Are electric cars actually better for the environment?
The answer may seem obvious based on everything we’re told about climate change and electric cars, however what isn’t widely talked about in the media is the amount of CO2 emitted in the production and charging of electric vehicles (EVs).
Note: I am by no means an expert in this field so take this with a grain of salt.
Germany is an example of a country that is heavily reliant on fossil fuels such as coal and natural gas. A recent study conducted by a German thinktank called, The Institute for Economic Research (IFO) concluded that Teslas produce more CO2 than diesels when you take manufacturing into consideration. “Driving a Tesla Model 3 in Germany, for example, is responsible for 156 to 181 grams of CO2 per kilometre, compared to just 141 grams per kilometre for a diesel-powered Mercedes C220d — that includes emissions from producing diesel fuel.” Agreed scientists, Hans-Dieter Karl, Christoph Buchal, and Hans-Werner Sinn.
Electric vehicles emit between 11 and 28% more CO2 during the construction of batteries, according to IFO. Their study also showed that mining lithium (which is used to make batteries) consume a lot of energy. They used a Tesla Model 3 battery as an example. “Given a lifetime of 10 years and an annual travel distance of 15,000 kilometres, this translates into 73 to 98 grams of CO2 per kilometre”. The aforementioned IFO scientists noted in their study.
However, researchers from the University of Exeter, Cambridge, and Nijmegen, in the Netherlands disagree. According to their research, ‘in 95%, driving and electric car is better for the climate than a petrol car.’ However, they admitted that coal-dependant countries like Poland (and therefore Germany) are exceptions.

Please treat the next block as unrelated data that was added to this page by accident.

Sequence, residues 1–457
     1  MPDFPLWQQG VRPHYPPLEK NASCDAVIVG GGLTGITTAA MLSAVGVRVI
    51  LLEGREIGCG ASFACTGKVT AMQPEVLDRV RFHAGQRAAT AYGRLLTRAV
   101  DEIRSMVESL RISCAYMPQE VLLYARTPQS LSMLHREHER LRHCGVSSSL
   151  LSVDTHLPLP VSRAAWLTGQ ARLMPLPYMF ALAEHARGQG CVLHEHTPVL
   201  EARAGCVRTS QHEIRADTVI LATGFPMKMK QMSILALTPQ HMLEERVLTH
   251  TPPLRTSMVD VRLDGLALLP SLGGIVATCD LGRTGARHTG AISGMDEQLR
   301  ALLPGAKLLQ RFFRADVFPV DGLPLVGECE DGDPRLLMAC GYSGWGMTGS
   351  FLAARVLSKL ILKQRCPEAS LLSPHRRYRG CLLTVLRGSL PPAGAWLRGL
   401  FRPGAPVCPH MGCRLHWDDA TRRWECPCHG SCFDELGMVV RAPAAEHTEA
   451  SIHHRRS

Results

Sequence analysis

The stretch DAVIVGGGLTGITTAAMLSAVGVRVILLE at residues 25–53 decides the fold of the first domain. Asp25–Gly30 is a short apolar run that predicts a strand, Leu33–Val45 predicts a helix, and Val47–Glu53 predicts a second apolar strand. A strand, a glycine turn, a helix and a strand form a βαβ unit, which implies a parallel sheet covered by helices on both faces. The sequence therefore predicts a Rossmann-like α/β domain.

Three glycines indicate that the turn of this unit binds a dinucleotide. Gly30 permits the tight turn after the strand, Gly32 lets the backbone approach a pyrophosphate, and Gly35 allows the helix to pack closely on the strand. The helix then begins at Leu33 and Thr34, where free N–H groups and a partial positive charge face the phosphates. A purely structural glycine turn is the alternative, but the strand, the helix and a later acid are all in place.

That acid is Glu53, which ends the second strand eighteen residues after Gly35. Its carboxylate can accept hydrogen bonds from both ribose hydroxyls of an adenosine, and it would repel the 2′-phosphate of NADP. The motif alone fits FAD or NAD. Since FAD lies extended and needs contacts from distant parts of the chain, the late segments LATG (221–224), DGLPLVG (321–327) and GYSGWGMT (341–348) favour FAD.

Clean Technica’s, Andy Miles is also sceptical of some of the claims made by the likes of the IFO Institute, pointing out that car batteries from electric vehicles can be reused or recycled to make new ones and therefore little to no mining is required. They can also be repurposed as electrical storage, lasting for at least another twenty years.
Charging your car may be better for the environment but it might not be any better or even worse, depending on the source of the electricity.
As previously mentioned, countries such as Germany, Poland, Britain, and many in the Middle East are still heavily reliant on fossil fuels such as oil, gas, and coal, meaning many vehicle chargers may rely on diesel generators for example as pictured above. Approximately 41% of the UK’s power comes from fossil fuel power stations, 79% of Germany is fossil-reliant, Poland is 91.30% dependent on fossil fuel and some countries such as Saudi Arabia are 100% fossil fuel dependant according to World Atlas.
As I stated at the beginning of this article, I am far from an expert in climate change or electric cars however, from reading some of the alternative views mentioned above, it doesn’t look like a move to an electric-only future is as green as Elon Musk and others in the electric car market make it out to be.
On the other hand, Andy Miles from Clean Technica made a great point (as mentioned above) about reusing and recycling car batteries.
We’d love to hear your thoughts in the comments below.
About The Author
Joseph Catley – SYPC Media Manager